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Mom Pro Golfer Earns Her Way Back Into U.S. Open After Maternity Leave Snub

Professional golfer and mother of two Karine Icher locked up a spot in the upcoming U.S. Open with a tournament win perhaps fueled by her frustrations with her sport’s maternity leave policy.

The French athlete gave birth in November and went on leave, but her absence from the sport meant that she was not able to secure an invitation to the Open. Instead, she had to get a spot the hard way: by winning a qualifying tournament.

The United States Golf Association announced a new maternity leave policy earlier this year in which new mothers on the tour would be able to take time away from the course and not lose the ranking they held prior to expanding their family—an issue Serena Williams notably dealt with when she returned to tennis in 2018. According to the Golf Channel, Icher was one of the golfers at the forefront of this change by lobbying for new rules.

However, Icher won’t be benefiting since the new leave policy took effect after she had already given birth and started her leave. She requested a special exception be made, but was denied—although requests from other mothers, including one who gave birth within a week of Icher, were approved.

This isn’t the first trouble she’s had after having a baby. In 2011, Icher made the U.S. Open, but couldn’t compete after welcoming that first child—and wasn’t able to get a spot the next year either due to having taken maternity leave.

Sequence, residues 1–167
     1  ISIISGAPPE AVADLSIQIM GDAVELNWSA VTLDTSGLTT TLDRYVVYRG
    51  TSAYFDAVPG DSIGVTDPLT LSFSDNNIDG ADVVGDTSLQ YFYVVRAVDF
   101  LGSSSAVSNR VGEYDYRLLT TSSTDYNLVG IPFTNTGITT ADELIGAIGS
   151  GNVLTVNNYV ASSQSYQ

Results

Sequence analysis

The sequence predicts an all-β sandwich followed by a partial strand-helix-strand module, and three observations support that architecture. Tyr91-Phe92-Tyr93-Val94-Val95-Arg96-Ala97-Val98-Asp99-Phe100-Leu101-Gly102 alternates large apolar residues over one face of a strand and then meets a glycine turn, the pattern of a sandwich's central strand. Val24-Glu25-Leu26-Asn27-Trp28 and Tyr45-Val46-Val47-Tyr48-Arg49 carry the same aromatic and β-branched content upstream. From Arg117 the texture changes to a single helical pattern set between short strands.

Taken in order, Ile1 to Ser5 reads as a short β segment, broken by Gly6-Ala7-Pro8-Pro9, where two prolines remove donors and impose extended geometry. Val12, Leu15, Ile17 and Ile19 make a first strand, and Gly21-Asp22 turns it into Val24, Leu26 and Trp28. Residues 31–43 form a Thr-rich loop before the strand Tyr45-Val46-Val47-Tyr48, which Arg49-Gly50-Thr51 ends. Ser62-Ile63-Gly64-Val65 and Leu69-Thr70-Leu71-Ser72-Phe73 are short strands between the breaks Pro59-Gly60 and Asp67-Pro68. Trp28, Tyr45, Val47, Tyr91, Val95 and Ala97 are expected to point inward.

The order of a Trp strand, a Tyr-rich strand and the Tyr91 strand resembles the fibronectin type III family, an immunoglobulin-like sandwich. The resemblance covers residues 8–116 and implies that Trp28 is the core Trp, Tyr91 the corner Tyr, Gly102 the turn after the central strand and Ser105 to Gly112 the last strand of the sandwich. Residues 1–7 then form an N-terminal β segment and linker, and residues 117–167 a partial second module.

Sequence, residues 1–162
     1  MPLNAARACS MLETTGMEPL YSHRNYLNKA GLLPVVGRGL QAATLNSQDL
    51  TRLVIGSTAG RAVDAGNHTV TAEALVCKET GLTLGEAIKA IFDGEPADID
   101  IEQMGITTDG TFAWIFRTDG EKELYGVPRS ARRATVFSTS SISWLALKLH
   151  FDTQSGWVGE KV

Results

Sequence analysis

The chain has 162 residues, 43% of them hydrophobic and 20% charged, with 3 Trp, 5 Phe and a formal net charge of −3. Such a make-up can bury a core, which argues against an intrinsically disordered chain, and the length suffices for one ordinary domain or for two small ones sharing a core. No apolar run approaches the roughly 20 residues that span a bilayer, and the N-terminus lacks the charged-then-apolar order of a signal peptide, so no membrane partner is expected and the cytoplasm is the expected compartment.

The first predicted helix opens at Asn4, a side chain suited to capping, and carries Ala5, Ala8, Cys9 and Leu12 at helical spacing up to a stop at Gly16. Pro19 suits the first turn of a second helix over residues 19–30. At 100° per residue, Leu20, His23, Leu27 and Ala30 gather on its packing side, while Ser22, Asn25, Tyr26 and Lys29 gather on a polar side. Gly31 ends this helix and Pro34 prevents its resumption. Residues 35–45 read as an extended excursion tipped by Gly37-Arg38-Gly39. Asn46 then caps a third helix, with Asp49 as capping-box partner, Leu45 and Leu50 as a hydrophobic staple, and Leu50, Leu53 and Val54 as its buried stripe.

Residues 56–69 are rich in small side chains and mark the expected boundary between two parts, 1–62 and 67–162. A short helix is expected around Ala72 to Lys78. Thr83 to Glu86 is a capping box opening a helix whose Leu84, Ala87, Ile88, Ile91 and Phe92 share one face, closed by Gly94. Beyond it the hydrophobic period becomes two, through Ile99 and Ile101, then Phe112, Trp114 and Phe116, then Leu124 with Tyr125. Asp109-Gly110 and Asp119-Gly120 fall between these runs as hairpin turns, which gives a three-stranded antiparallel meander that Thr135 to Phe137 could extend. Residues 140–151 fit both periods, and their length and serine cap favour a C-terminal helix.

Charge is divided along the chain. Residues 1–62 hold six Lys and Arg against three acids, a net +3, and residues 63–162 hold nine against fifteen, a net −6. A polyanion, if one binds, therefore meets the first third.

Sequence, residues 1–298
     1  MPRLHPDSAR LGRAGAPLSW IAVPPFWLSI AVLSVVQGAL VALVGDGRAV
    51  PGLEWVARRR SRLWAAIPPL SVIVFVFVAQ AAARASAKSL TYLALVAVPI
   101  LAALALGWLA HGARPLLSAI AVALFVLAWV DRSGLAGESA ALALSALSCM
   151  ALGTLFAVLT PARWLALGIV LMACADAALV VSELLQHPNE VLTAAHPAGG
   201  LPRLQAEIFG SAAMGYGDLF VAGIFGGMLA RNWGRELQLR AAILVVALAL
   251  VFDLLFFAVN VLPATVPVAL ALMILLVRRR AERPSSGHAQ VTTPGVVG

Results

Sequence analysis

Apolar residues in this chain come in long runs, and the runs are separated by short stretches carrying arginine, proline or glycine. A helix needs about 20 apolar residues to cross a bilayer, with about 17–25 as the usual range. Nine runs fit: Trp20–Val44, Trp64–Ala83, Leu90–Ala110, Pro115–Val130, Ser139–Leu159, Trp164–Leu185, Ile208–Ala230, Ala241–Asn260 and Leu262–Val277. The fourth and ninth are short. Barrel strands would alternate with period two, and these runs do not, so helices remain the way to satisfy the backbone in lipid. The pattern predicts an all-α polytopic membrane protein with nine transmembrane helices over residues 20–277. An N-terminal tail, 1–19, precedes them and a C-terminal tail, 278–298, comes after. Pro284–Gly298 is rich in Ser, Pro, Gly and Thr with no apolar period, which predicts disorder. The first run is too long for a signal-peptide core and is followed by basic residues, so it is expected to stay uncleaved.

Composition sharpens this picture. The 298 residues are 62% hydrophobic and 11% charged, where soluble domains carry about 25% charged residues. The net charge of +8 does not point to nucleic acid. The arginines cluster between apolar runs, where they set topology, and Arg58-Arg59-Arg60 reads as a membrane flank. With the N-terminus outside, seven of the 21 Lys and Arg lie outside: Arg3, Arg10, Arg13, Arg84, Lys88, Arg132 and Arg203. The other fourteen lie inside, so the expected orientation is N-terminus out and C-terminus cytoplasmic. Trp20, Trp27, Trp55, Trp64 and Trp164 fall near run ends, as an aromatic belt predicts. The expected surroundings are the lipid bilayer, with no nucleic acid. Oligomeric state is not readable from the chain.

“The USGA is changing their rules for next year, but they’re already applying them to this year, after the deadline for entering the U.S. Women’s Open has passed,” Icher told the Golf Channel. “I don’t understand how that’s fair to do, after entries were closed.”

LPGA tour operations officer Heather Daly-Donofrio explained that Icher’s request was denied because it might “impact other members negatively.” But she did acknowledge how important Icher’s voice was for creating the new policy.

“She was helpful through the whole process of making maternity leave changes,” Daly-Donofrio said. “I can see how that frustrates her, where you’re an agent of change, but you aren’t reaping the full benefits of the change. It’s very emotional and personal, and I understand that.”

Despite this, Icher was still able to earn her way back into the major tournament by winning a qualifier. But she is still concerned about issues other moms are going to have with their returns from leave going forward.

“With this baby boom, a lot of players are learning how hard it is to come back after having a baby.”

And it shouldn't be. In any profession.

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